(3) maintaining the flow of the three polymer streams until the cavity is nearly filled,
(4) terminating the flow of the first polymer stream,
(5) terminating the flow of the third polymer stream,
(6) terminating the flow of the second polymer stream,
(B) transferring the parison to a blow mold cavity,
(C) inflating the parison in the blow mold cavity to blow mold the parison into the finished container.
4. The method of claim 3 wherein following the termination of flow of the third polymer, flow of the first polymer is recommenced and flow of the first polymer is terminated approximately simultaneously with the flow of the second polymer.
5. The method of making a multi-layer injection molded article using a nozzle having an exit comprising the steps of:
(1) establishing in the exit the flow of a first polymer stream to become the inside surface layer of the article and the flow of a second polymer stream to become the outside surface layer of the article,
(2) commencing the flow of a third polymer stream between the first and second polymer streams such that the third polymer stream reaches the exit after the first and second polymer streams reach the exit,
(3) continuing the flow of the first, second and third polymer streams concurrently,
(4) terminating the flow of the first polymer stream,
(5) subsequently terminating the flow of the third polymer stream, and then
(6) subsequently terminating the flow of the second polymer stream.
6. The method of claim 5 wherein a fourth polymer stream is introduced between the third and first polymer streams and a fifth polymer stream is introduced between the third and second polymer streams, the flow of the fourth and fifth polymer streams terminating before termination of the flow of the second polymer stream.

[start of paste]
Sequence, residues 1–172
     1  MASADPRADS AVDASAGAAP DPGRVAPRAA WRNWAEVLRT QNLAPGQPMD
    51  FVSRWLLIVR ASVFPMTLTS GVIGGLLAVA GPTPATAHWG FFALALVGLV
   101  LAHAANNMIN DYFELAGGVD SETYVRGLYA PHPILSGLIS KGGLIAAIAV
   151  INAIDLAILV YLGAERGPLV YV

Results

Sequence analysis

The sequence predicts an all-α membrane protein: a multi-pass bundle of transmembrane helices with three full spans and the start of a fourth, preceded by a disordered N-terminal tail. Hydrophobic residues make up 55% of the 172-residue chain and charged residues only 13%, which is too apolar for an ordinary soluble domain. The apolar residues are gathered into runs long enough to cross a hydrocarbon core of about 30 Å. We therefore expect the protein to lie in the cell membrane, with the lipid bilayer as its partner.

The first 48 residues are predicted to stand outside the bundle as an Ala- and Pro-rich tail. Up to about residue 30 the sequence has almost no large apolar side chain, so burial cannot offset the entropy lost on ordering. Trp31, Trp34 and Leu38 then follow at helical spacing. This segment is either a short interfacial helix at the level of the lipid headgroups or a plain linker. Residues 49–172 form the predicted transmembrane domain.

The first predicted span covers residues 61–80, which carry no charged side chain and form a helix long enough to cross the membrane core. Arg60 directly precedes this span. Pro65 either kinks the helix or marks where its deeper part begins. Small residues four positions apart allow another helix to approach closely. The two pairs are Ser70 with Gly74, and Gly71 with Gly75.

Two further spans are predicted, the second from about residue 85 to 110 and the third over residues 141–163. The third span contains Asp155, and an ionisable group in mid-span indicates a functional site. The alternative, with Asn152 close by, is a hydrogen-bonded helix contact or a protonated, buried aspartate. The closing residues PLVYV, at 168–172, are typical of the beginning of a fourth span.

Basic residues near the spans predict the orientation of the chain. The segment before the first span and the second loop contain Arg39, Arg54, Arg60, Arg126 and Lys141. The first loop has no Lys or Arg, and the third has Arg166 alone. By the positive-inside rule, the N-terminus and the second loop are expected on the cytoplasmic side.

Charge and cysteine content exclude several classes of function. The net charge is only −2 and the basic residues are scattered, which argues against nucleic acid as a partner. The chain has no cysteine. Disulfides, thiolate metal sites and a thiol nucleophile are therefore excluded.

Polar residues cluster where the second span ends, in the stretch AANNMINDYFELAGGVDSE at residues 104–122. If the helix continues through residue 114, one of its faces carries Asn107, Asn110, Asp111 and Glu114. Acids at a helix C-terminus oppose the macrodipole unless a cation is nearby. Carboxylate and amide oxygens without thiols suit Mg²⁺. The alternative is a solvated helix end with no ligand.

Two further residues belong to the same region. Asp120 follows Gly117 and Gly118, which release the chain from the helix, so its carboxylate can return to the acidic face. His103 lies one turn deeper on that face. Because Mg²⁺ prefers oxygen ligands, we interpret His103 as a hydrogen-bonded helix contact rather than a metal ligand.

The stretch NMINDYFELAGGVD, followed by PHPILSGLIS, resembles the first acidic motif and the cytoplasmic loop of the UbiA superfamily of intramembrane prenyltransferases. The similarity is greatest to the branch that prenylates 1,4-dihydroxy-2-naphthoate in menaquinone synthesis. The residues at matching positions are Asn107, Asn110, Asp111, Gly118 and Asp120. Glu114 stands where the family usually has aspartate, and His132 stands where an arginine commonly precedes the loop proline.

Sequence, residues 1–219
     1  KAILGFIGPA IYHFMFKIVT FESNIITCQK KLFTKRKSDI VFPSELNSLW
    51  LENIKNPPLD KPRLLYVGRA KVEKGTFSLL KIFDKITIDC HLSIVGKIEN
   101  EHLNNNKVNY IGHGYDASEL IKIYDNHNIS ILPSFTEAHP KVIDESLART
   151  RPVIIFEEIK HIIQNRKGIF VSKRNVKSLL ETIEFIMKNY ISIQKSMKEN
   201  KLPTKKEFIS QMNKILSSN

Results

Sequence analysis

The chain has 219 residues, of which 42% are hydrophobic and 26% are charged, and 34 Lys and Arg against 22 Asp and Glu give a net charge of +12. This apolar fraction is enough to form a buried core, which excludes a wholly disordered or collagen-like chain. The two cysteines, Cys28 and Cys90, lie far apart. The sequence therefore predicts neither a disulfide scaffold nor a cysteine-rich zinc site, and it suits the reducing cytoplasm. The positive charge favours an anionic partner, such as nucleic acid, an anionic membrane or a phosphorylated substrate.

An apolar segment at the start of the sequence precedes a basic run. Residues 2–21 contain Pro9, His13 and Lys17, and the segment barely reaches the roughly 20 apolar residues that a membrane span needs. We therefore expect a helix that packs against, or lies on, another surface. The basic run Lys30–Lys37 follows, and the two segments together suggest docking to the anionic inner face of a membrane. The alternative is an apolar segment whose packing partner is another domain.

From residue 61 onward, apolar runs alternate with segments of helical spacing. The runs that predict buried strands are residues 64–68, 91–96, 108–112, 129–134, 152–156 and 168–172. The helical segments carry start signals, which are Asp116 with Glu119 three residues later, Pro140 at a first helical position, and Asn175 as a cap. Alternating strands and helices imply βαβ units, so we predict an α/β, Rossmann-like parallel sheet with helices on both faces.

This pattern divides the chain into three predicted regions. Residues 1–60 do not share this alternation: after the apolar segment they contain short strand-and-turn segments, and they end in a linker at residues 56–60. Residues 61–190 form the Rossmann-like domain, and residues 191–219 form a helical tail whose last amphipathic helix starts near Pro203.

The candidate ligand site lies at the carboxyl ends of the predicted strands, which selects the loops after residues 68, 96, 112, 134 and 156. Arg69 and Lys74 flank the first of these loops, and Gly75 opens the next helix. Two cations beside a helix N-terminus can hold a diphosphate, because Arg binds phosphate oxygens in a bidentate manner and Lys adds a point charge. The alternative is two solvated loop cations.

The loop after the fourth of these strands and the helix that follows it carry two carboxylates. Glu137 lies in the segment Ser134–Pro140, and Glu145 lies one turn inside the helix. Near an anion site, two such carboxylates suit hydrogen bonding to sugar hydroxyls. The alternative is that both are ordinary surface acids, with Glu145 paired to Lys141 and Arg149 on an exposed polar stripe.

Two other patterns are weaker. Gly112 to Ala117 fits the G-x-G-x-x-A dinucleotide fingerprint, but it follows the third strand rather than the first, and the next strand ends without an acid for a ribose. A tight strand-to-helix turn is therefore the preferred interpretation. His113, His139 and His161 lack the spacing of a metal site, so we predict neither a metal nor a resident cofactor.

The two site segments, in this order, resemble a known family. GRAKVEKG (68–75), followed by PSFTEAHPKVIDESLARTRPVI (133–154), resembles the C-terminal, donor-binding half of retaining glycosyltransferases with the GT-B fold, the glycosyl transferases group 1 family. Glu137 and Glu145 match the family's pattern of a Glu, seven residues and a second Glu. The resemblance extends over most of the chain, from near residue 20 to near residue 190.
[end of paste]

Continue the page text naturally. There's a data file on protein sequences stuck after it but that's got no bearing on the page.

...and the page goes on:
7. A method of forming a multi-layer plastic parison for an injection blow molded article by use of a nozzle having an exit, comprising the steps of:
(1) initially commencing the injection through said exit of a first inside surface layer;
(2) commencing the injection through said exit of a second outside surface layer while continuing to inject the first layer;
(3) then commencing the injection of a third core layer while continuing to inject the first and second layers such that in the nozzle prior to the nozzle exit the third core layer is introduced between first and second layers;
(4) continuing the injection of the first, second and third layers concurrently through the nozzle exit;
(5) then terminating the injection of the first layer while continuing to inject the second and third layers;
(6) then terminating the injection of the third layer;
(7) then terminating the injection of the second layer.
8. A method of making a multi-layer rigid article comprising the steps of:
(A) injection molding, from a nozzle having an exit, a parison in an injection mold cavity by: